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FRENCH WORD OF THE DAY

French Word of the Day: aïe

More of a sound than a word but still very common... although hopefully you won't need it too often.

French Word of the Day: aïe
Photo: Depositphotos

Why do I need to know aïe?

Aïe is a sound you will hear a lot around France and it may be one that moves you to ask the person who utters it if they're ok. 

One thing you can be sure of is that you definitely don't want to be in a position where you're saying it a lot. 

So, what does it mean?

The action that goes with this word is a deep frown or perhaps even a wince of pain, because it is the French equivalent of 'ouch!' or 'ow!' in English. 

So for example you might say: Aïe! Je me suis piqué le doigt. – Ow! I pricked my finger. 

Or Aïe! Aïe! Aïe! Je viens de me couper. – Ouch! I just cut my finger.

It can also mean 'oh', 'oh dear', 'oh no' or 'oh my'. 

In this case, you might say: Aïe! Que se passe-t-il? – Oh my! What's happening? 

How is it pronounced?

This one's a little hard to put into words, but luckily here's an example of how to pronounce it online

For more French Expressions and French Words of the Day you can CLICK HERE to see our full list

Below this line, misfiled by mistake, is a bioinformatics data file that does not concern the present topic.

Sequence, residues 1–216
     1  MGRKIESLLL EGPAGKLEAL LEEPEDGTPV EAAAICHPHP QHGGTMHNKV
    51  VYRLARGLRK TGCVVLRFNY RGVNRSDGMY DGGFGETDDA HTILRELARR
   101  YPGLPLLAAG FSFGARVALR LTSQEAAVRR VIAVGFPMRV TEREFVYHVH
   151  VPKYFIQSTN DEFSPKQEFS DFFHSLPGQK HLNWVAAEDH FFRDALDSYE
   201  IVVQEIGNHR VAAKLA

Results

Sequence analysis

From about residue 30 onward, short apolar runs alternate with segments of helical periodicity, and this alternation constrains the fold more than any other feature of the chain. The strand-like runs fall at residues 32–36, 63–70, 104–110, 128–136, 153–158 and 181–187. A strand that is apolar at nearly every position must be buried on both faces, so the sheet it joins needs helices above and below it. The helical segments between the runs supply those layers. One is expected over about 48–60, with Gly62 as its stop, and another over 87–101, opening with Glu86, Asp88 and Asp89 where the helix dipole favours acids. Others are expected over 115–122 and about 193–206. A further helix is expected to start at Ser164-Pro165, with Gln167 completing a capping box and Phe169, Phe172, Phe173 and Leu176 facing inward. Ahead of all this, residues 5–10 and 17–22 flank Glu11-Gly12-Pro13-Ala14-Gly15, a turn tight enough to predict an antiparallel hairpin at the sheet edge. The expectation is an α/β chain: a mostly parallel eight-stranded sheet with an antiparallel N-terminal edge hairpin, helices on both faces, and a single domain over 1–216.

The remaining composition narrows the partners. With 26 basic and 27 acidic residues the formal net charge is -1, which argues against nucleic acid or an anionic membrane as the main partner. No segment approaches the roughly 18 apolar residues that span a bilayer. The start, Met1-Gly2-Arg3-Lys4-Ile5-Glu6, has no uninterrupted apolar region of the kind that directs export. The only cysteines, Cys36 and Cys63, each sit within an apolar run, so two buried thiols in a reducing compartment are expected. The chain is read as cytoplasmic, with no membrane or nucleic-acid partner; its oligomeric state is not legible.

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FRENCH WORD OF THE DAY

French Expression of the Day: Mettre le holà

This might look like a mix of Spanish and French, but it is definitely not Franish.

French Expression of the Day: Mettre le holà

Why do I need to know mettre le holà?

Because you might need to do this if your friends go from laughing with you to laughing at you. 

What does it mean?

Mettre le holà – pronounced meh-truh luh oh-la – literally means to put the ‘holà’ on something. You might be thinking this must be some clever mix of Spanish and French, but ‘holà’ actually has nothing to do with the Spanish greeting. 

This expression is a way to say that’s enough – or to ‘put the brakes on something.’

If a situation appears to be agitated, and you feel the need to intervene in order to help calm things down, then this might be the expression you would use. Another way of saying it in English might be to ‘put the kibosh on it.’

While the origins of ‘kibosh’ appear to be unknown, ‘holà’ goes back to the 14th century in France. Back then, people would shout “Ho! Qui va là?” (Oh, who goes there?) as an interjection to call someone out or challenge them. 

Over time this transformed into the simple holà, which you might hear on the streets, particularly if you engage in some risky jaywalking. 

A French synonym for this expression is ‘freiner’ – which literally means ‘to break’ or ‘put the brakes on,’ and can be used figuratively as well as literally. 

Use it like this

Tu aurais dû mettre le holà tout de suite. Cette conversation a duré bien trop longtemps, et il était si offensif. – You should have put a stop to that immediately. That conversation went on for too long, and he was so offensive. 

J’ai essayé de mettre le holà à la blague sur ma mère, mais ils étaient sans pitié. – I tried to put a stop to the joke about my mother, but they were merciless.

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